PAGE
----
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The effect of nucleus basalis magnocellularis deep brain stimulation on memory function in a rat model of dementia

Overview of attention for article published in BMC Neurology, January 2016
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  • In the top 25% of all research outputs scored by Altmetric
  • High Attention Score compared to outputs of the same age (81st percentile)
  • High Attention Score compared to outputs of the same age and source (81st percentile)

Mentioned by

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1 news outlet

Citations

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14 Dimensions

Readers on

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46 Mendeley
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Title
The effect of nucleus basalis magnocellularis deep brain stimulation on memory function in a rat model of dementia
Published in
BMC Neurology, January 2016
DOI 10.1186/s12883-016-0529-z
Pubmed ID
Authors

Ji Eun Lee, Da Un Jeong, Jihyeon Lee, Won Seok Chang, Jin Woo Chang

Abstract

Deep brain stimulation has recently been considered a potential therapy in improving memory function. It has been shown that a change of neurotransmitters has an effect on memory function. However, much about the exact underlying neural mechanism is not yet completely understood. We therefore examined changes in neurotransmitter systems and spatial memory caused by stimulation of nucleus basalis magnocellularis in a rat model of dementia. We divided rats into four groups: Normal, Lesion, Implantation, and Stimulation. We used 192 IgG-saporin for degeneration of basal forebrain cholinergic neuron related with learning and memory and it was injected into all rats except for the normal group. An electrode was ipsilaterally inserted in the nucleus basalis magnocellularis of all rats of the implantation and stimulation group, and the stimulation group received the electrical stimulation. Features were verified by the Morris water maze, immunochemistry and western blotting. All groups showed similar performances during Morris water maze training. During the probe trial, performance of the lesion and implantation group decreased. However, the stimulation group showed an equivalent performance to the normal group. In the lesion and implantation group, expression of glutamate acid decarboxylase65&67 decreased in the medial prefrontal cortex and expression of glutamate transporters increased in the medial prefrontal cortex and hippocampus. However, expression of the stimulation group showed similar levels as the normal group. The results suggest that nucleus basalis magnocellularis stimulation enhances consolidation and retrieval of visuospatial memory related to changes of glutamate acid decarboxylase65&67 and glutamate transporter.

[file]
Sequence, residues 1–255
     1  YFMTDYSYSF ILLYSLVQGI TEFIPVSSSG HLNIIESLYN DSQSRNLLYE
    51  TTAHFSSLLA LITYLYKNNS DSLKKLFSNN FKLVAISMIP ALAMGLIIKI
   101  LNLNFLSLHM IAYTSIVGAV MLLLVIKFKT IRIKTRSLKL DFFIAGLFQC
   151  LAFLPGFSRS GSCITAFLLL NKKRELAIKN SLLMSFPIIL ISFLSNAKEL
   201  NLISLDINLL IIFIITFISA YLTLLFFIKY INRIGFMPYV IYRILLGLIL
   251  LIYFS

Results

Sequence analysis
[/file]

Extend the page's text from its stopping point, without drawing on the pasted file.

Mendeley readers

The data shown below were compiled from readership statistics for 46 Mendeley readers of this research output. Click here to see the associated Mendeley record.

Geographical breakdown

Country Count As %
Unknown 46 100%

Demographic breakdown

Readers by professional status Count As %
Researcher 9 20%
Student > Ph. D. Student 8 17%
Student > Master 4 9%
Other 4 9%
Student > Bachelor 4 9%
Other 10 22%
Unknown 7 15%
Readers by discipline Count As %
Neuroscience 12 26%
Medicine and Dentistry 8 17%
Agricultural and Biological Sciences 5 11%
Biochemistry, Genetics and Molecular Biology 3 7%
Psychology 3 7%
Other 5 11%
Unknown 10 22%

Attention Score in Context

This research output has an Altmetric Attention Score of 7. This is our high-level measure of the quality and quantity of online attention that it has received. This Attention Score, as well as the ranking and number of research outputs shown below, was calculated when the research output was last mentioned on 15 January 2016.
All research outputs
#934,416
of 6,977,329 outputs
Outputs from BMC Neurology
#187
of 1,118 outputs
Outputs of similar age
#53,684
of 306,138 outputs
Outputs of similar age from BMC Neurology
#9
of 48 outputs
Altmetric has tracked 6,977,329 research outputs across all sources so far. Compared to these this one has done well and is in the 85th percentile: it's in the top 25% of all research outputs ever tracked by Altmetric.
So far Altmetric has tracked 1,118 research outputs from this source. They receive a mean Attention Score of 4.9. This one has done well, scoring higher than 81% of its peers.
Older research outputs will score higher simply because they've had more time to accumulate mentions. To account for age we can compare this Altmetric Attention Score to the 306,138 tracked outputs that were published within six weeks on either side of this one in any source. This one has done well, scoring higher than 81% of its contemporaries.
We're also able to compare this research output to 48 others from the same source and published within six weeks on either side of this one. This one has done well, scoring higher than 81% of its contemporaries.